Batwoman Rises To The Top Level Of Comics Of The Superhero Genre

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I’m not a huge superhero-genre fan when it comes to comics, and I didn’t even know there was a difference between Batwoman and Batgirl until recently, but I just read Batwoman: To Drown The World, part of the “New 52” series from DC Comics, and I found it very well done.

The new Batwoman stuff is done by a team of creative-types, headed by scriptors J.H. Williams III and W. Haden Blackman, artists Amy Reeder and Trevor McCarthy, and some great color work from Guy Major.

The most striking part of the comic to me is the color choices.  The red red of Batwoman’s hair and lips is captivating and looks spectacular against her black suit and porcelain white skin.  The rest of the colors are very cool– aquas and watercolory purples,etc– a brilliant artistic choice.  I’m not sure if the contrast between the hot reds and the cool everything else is a purposeful color choice to make Batwoman’s red appear all the more sexy and vibrant, or if it is a side effect of the theme (Batwoman versus some mysterious, elemental water foe), but it really works for me.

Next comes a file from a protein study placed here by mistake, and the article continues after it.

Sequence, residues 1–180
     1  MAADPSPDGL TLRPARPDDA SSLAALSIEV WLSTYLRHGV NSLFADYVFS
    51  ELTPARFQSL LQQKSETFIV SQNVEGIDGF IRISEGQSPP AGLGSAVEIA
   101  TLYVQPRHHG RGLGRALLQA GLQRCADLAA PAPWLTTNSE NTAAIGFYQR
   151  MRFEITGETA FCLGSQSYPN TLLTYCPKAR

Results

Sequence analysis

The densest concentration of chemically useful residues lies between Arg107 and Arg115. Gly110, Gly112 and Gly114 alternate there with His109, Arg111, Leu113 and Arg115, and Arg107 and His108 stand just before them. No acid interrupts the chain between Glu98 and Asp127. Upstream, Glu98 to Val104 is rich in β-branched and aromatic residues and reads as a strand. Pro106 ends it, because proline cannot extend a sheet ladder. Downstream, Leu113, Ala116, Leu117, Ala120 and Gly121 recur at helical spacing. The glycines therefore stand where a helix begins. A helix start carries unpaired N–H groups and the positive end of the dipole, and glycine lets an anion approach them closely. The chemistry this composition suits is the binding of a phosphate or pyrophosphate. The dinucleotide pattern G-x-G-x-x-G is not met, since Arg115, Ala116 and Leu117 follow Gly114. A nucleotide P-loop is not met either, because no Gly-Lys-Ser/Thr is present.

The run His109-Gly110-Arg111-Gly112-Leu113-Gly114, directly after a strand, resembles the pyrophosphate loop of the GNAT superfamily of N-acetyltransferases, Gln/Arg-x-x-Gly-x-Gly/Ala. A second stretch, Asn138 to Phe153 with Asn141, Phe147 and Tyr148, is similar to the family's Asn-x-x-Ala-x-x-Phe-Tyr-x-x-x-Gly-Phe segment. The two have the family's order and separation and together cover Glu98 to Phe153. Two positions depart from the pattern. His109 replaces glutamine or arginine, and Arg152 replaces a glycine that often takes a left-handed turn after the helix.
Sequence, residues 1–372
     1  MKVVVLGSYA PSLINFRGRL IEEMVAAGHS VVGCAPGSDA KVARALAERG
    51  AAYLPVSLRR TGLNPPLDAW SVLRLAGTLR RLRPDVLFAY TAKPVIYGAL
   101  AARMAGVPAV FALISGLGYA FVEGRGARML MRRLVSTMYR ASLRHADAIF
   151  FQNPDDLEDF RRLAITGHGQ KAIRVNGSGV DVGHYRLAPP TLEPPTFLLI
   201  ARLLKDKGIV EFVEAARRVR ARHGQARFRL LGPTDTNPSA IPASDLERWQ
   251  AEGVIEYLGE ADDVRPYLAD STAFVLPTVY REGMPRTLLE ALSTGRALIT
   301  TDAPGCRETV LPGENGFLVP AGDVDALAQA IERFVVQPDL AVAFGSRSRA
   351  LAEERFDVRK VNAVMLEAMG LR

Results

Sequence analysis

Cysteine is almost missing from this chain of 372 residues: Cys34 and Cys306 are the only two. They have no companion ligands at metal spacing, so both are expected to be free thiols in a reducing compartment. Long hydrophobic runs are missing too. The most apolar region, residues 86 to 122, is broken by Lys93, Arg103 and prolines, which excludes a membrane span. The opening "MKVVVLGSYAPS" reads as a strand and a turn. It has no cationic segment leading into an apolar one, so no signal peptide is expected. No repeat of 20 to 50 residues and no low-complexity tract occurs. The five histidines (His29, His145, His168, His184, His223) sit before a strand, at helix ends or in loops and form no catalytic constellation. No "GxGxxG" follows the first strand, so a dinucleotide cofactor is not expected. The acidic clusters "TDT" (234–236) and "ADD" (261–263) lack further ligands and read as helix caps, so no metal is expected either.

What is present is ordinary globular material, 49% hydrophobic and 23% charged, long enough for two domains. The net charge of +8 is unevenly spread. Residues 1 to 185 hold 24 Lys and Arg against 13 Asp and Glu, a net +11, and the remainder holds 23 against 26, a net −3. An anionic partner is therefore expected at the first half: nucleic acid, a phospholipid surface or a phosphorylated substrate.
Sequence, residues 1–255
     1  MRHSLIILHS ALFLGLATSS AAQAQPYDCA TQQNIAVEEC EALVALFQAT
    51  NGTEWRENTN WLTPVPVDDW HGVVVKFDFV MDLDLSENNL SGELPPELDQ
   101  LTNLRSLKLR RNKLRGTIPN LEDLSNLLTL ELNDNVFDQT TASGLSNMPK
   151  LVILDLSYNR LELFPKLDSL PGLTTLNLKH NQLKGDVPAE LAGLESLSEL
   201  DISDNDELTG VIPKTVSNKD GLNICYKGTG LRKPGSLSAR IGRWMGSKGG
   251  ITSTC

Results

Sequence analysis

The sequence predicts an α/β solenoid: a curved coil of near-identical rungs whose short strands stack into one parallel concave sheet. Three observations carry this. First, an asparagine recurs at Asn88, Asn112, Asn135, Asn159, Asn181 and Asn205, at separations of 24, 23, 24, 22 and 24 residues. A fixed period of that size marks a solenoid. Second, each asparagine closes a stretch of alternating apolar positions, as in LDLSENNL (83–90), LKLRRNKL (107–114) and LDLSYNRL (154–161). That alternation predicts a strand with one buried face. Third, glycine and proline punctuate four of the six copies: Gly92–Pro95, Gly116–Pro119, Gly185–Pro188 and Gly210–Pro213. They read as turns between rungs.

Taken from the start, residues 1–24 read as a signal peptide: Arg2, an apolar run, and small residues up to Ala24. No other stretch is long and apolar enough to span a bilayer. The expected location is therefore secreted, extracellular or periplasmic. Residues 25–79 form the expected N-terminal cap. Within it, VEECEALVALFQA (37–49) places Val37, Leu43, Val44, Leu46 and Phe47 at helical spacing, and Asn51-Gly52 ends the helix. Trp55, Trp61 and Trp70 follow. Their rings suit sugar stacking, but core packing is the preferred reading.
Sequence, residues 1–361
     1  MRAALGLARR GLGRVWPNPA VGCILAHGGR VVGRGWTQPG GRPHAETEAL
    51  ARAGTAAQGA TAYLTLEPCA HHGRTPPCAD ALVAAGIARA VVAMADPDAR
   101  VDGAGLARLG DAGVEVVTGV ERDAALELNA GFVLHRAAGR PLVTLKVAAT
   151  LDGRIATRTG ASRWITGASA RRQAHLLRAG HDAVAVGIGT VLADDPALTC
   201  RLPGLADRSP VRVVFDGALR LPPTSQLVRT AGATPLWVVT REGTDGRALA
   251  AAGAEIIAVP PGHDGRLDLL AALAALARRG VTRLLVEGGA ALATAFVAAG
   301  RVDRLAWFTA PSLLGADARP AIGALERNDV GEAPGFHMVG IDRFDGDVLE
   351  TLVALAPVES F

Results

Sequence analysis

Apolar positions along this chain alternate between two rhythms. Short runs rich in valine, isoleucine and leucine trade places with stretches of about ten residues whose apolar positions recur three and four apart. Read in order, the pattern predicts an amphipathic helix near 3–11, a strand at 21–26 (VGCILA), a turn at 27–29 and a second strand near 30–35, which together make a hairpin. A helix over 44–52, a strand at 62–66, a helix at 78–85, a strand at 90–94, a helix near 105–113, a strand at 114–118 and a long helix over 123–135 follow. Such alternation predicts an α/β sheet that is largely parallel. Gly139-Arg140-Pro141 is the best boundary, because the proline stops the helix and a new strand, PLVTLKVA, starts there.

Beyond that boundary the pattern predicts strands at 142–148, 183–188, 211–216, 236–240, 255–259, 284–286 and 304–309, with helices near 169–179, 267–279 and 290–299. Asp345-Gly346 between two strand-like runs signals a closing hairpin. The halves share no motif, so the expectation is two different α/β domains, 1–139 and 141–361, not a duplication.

Different locations in the story have different palettes (there are some hospital scenes leaning toward greens, for example)– but in most every scene the colors are muted.  That said, I noticed toward the end of the book that the color revved up somewhat and became more vibrant.  I hope the juxtaposition of vivid red with cooler background colors stays part of the Batwoman style.

I also found it rather witty that there’s fish motif running through the book:  everything from seafood meals to fish tossed into an alley.  All part of the water element theme.

There’s also something interesting going on with the attempt to indicate quick movement in a static medium.  The artists have chosen to render some action in a “blurred” manner to indicate movement.  The blurring appears computer-assisted, but may not be.  I applaud the creative stretch, and I honestly don’t know yet how I feel about it.  The stylistic contrast with the rest of the artwork is a little jarring, but on the otherhand, there’s something cool and different about it.  I’m curious to see if the comic book world in general adopts the method over time or if its just a flash– or blur– in the pan.